Acting under the Tobacco Control Act’s mandate and its engagement by the FDA Center for Tobacco Products, the Institute of Medicine (“IOM”) recently released its recommended minimum standards for the regulation of modified risk tobacco products (“MRTPs”). The 12 recommendations, contained within the IOM’s December 14, 2011 report, Scientific Standards for Studies on Modified Risk Tobacco Products (the “Report”), highlight the IOM’s task to address “premarket and post market studies in support of MRTPs,” with an emphasis on the “types and characteristics” of evidence that the FDA will need to evaluate an MRTP application before such products are approved to enter the marketplace. For example, the IOM recommends the FDA to require studies submitted in support of an MRTP application to address “all key research domains” necessary to “forecast and monitor the product’s public health impact” (e.g. the MRTP’s composition and potential for addiction). Notably, and as the Report makes clear, the IOM was not tasked with addressing post-market surveillance activities for MRTPs even though the Tobacco Control Act requires the FDA to issue such regulations based on the IOM’s input.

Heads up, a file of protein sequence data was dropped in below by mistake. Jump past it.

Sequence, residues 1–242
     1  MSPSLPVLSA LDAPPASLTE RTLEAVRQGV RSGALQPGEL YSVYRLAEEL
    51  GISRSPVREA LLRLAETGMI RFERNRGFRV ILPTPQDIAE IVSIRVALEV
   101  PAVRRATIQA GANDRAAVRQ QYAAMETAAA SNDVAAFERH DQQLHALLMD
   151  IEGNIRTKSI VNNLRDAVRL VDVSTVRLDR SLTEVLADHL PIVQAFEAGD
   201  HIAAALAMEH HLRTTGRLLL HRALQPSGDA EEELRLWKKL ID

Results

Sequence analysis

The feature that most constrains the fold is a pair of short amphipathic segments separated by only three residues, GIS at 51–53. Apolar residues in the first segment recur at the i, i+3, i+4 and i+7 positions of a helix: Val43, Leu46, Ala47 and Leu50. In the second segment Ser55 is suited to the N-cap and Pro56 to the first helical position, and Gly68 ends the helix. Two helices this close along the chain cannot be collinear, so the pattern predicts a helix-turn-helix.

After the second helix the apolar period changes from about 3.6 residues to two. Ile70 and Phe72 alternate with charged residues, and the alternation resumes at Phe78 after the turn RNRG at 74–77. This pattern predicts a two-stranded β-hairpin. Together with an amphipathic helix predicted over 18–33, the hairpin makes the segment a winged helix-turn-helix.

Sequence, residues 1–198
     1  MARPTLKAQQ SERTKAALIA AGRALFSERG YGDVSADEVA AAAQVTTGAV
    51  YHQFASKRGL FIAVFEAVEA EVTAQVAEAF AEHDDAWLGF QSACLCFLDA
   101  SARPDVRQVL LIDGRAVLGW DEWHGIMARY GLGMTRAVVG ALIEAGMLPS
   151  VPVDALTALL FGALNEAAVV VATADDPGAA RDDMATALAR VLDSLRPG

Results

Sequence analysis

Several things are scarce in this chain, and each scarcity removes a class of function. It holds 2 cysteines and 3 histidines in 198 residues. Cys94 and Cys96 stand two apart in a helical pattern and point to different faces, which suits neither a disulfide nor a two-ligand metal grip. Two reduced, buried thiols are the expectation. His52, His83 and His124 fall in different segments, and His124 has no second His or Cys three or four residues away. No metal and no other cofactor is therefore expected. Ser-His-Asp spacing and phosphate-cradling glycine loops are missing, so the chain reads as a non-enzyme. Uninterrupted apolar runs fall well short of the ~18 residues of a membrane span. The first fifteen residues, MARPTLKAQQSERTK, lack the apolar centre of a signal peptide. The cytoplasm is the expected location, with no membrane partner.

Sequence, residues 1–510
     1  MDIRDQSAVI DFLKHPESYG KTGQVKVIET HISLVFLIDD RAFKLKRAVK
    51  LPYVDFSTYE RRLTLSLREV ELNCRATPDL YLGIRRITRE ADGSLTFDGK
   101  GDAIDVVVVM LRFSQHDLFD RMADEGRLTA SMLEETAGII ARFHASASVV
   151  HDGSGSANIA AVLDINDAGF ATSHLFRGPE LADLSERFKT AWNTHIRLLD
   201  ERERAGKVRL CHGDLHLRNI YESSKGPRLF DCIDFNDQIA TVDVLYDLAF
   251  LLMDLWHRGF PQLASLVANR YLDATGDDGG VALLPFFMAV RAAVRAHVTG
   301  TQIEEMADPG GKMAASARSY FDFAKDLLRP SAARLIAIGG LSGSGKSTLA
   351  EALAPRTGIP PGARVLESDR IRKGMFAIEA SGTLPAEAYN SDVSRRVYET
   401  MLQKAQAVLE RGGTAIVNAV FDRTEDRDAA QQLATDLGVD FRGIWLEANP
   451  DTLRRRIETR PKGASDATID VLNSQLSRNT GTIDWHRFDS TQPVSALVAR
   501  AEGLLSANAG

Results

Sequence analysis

Importantly, the IOM determined that its obligation under the Tobacco Control Act to provide recommendations on the design and conduct of MRTP studies and surveillance authorized the IOM to address “not only issues concerning research methods and scientific standards, but also issues concerning research conduct and governance.” As such, the Report sets forth three recommendations specifically related to the governance of MRTP studies, which include:
- The use of FDA-approved independent third parties to design and conduct the MRTP research and distribute sponsor funds for research;
- Public disclosure of all data generated in the development and marketing of MRTPs; and
- Established standards and principles of research governance (e.g. qualified investigators, transparency, independent institutional review boards or ethical review).
These governance recommendations for MRTP studies were proposed to combat public perception of prior tobacco-related or tobacco-funded research that the IOM characterizes as “distrustful.” Even in light of this public sentiment, which the IOM acknowledges has resulted in university bans on tobacco research, the IOM hopes that these governance mechanisms will facilitate beneficial relationships between MRTP applicants/sponsors and independent researchers.
A summary and an electronic copy of the IOM’s full Report is available online at http://www.nap.edu/catalog.php?record_id=13294#aboutprepub. The Troutman Sanders Tobacco practice will continue to monitor developments in the regulation of MRTPs.
Contributor: Craig Elkins